Tag Archives: attack tools

Introducing SexyDefence

After a long time of no updates, I’m finally back to a “normal” schedule, but as always – there’s some new project that emerges from just being around extremely smart people and accessibility of alcohol…

So, during an exciting tweeting session at the SecurityZone green room (which is never green BTW), where all of us geeks were relaxing and instead of actually talking to each other (again – we are all in the same room), we were exchanging gestures and an occasional snicker as we “discussed” things on twitter. At one point, the question of “why on earth can’t we make defense as sexy as we managed to make offense?” (in the context of information security of course).

That started what we call “SexyDefence”.Bar Refaeli in soldier uniform

The parties to blame are: James Arlen, Stefan Friedly, Chris Nickerson, David Kennedy, Wim Remes, Dave Marcus, Chris John Riley, Georgia Weidman, and yours truly. We managed (in 30 the 30 minutes we had before we went back to “normal” con business and ran a panel on SexyDefence) to set up a space where this new initiative would be panned out. Here are the main points (just a beginning) of what we consider as the SexyDefence “manifesto” 🙂

0. Rediscover your passion for the job you have instead of whining about the job you don’t have.
1. Wake the fuck up and learn how your company works (for realz – not just the techie stuff)
2. Use everything you have. whatever the “bad” guys use is fair game for u as well. research vulns on attack tools…
3. Intelligence. Gather it. On you, on your threat communities. Now use it. Intelligently.
4. You have more information at your disposal than you think (logs. Lots of them). Figure out a way to use it.
5. Remember that it’s the users (humans) that will screw you up. Make sure your “plans” include dealing with them (not just tech)

Feel free to take a look (and as always contribute – see PTES) here: http://wiki.doinginfosecright.com/index.php?title=Main_Page

Happy hacking!

p.s. – Yes, I figured that a picture of the local model Bar Refaeli in uniform would be better that the one used on James’ blog of RightSaidFred…


Defense through Offense, and how APT fits there

I’m guessing that having “APT” in anything that goes outside for public consumption these days is mandatory, but this post actually has a good reason to do so. If you look back just one post in the past, we were discussing the new initiative to define “Penetration Testing”. The post, and the proposed standard itself really take a good look at what organizations need, and how to address such needs from a practical point of view, rather than from a compliance or a “check-box ticking” perspective.

For me this is one of the things that the security industry has done a great disservice to. It is exactly why companies are announcing that for every time they get breached, it was an advanced attack. An attack so sophisticated, that managed to stay persistent in their network and exfiltrate lots of sensitive information, that no reasonable control could have prevented or detected it. The all dreaded “APT”.

However, if you take a look at how organizations prepare themselves for such attacks you may find yourself staring at a blank page. Since regulatory compliance dictates a very basic “box checking” methodology for a very narrow and specific aspect of information security, and the product vendors on the other hand provide solutions that are “compliance oriented”, organizations are left with a very weak defense mechanisms. This is without even mentioning the biggest security gap in most organizations – the employees.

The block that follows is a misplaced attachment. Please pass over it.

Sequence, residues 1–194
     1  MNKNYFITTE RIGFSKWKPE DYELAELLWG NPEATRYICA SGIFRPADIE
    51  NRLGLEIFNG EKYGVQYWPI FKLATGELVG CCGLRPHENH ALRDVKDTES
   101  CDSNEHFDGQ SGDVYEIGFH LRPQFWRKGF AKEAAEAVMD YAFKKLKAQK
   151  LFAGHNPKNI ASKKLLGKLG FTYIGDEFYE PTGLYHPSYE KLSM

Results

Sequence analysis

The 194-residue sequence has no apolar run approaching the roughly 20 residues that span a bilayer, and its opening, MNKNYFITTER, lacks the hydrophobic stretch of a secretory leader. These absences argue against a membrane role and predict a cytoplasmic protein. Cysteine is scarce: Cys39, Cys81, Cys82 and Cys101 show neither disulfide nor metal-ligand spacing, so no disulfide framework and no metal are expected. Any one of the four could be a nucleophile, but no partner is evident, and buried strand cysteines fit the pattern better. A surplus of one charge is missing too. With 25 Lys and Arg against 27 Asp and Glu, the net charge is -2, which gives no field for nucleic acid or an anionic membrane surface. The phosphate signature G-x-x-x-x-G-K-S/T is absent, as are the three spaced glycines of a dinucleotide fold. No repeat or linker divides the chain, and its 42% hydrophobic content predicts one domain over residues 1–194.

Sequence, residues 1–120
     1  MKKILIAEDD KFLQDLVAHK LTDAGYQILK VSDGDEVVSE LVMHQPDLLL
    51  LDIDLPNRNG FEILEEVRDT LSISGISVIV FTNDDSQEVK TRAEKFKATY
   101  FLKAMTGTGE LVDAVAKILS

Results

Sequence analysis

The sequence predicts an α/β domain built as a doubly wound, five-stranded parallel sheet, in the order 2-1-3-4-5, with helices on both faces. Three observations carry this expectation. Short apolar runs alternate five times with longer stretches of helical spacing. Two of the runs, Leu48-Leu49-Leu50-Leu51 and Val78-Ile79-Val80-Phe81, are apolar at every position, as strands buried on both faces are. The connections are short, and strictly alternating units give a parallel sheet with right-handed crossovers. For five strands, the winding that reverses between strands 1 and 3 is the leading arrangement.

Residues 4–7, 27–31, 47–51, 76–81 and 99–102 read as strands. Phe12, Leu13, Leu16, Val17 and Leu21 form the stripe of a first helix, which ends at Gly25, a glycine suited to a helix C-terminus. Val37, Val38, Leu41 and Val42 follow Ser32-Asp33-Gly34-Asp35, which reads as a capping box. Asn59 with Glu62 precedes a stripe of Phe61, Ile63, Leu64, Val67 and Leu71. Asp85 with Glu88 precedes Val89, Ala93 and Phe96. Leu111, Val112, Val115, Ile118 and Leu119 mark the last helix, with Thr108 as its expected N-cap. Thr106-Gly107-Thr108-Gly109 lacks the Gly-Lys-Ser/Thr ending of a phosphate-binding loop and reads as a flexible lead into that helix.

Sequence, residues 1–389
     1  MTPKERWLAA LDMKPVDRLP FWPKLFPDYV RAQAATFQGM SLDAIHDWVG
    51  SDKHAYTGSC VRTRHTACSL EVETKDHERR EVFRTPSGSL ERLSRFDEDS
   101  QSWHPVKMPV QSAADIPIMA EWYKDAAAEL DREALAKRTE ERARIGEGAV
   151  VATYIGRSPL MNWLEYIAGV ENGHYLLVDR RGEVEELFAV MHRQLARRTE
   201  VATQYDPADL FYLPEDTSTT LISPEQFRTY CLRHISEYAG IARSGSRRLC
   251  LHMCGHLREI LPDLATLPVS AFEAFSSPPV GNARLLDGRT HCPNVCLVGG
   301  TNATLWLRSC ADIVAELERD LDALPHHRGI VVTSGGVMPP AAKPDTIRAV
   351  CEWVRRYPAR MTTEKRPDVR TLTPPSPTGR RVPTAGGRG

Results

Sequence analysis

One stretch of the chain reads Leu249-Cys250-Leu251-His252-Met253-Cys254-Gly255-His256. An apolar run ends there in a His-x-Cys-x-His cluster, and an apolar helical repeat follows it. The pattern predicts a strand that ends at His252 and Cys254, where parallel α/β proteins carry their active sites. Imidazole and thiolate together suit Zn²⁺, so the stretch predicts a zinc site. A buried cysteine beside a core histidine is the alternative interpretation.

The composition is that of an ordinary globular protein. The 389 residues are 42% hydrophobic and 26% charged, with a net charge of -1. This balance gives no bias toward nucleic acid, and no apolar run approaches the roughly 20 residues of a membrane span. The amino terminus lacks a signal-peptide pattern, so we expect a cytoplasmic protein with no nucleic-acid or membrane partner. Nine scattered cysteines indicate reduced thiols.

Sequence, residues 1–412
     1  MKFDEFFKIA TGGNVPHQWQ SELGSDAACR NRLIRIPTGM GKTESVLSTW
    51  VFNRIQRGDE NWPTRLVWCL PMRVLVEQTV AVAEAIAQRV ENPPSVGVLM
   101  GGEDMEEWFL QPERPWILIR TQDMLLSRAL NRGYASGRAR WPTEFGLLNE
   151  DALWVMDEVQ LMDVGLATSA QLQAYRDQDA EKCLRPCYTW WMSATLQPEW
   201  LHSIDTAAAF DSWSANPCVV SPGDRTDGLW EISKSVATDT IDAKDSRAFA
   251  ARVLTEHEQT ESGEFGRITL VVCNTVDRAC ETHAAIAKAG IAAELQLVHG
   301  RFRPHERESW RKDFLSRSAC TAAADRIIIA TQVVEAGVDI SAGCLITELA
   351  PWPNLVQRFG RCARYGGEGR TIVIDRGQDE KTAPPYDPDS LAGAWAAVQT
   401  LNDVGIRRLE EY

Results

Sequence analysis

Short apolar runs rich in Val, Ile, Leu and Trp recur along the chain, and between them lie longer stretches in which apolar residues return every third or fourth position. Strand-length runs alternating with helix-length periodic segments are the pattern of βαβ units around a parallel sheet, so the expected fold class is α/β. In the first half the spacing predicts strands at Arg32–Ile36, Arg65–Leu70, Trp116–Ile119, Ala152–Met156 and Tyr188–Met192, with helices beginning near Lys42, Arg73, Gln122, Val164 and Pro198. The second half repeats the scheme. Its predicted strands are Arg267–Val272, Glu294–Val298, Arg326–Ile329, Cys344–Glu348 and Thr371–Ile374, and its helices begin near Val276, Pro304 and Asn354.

The lack of self-testing, of a real-world simulation of what an attack would look like, and how the organization would cope with, hinders most organizations from putting reasonable defenses in place. The lack of proper training, awareness campaigns, and exercises that stress out the human factor as well are leading us to a situation where even simple attacks that utilize off-the-shelf (and even FREE) attack tools, manage to go through an organizations control mechanisms with aggravating ease.

I’m looking back at what the penetration testing execution standard defines for its basic testing methodology, and I can clearly see how every element of the recent “APT” attacks would have been simulated, and probably in a more rigorous scenario. Such a test would have clearly left the tested organization with a roadmap that would bring it to a much higher security standard. And that’s the power of testing – of understanding the adversary’s techniques and strategies, and running exercises that reflect them in order to identify security gaps and close them as efficiently as possible. And yes – that also (and perhaps mainly) applies to human related processes and policies rather than just to technology.

So to sum things up – you may be compliant, but do not think for a moment that this compliance has anything to do with the security of your information. Until regulatory compliance does not mandate proper security testing in order to protect the data in question, such compliance is only going to hinder your “security vision”. Get proper testing, set up an internal team that would be responsible for understanding the threat communities you are dealing with (or hire an external one ), and make sure you set yourself a goal to have an unbiased understanding of what your gaps are and how well you can face a standard attack (yes – the same standard attack that you are going to call an “APT” if it would hit you unprepared).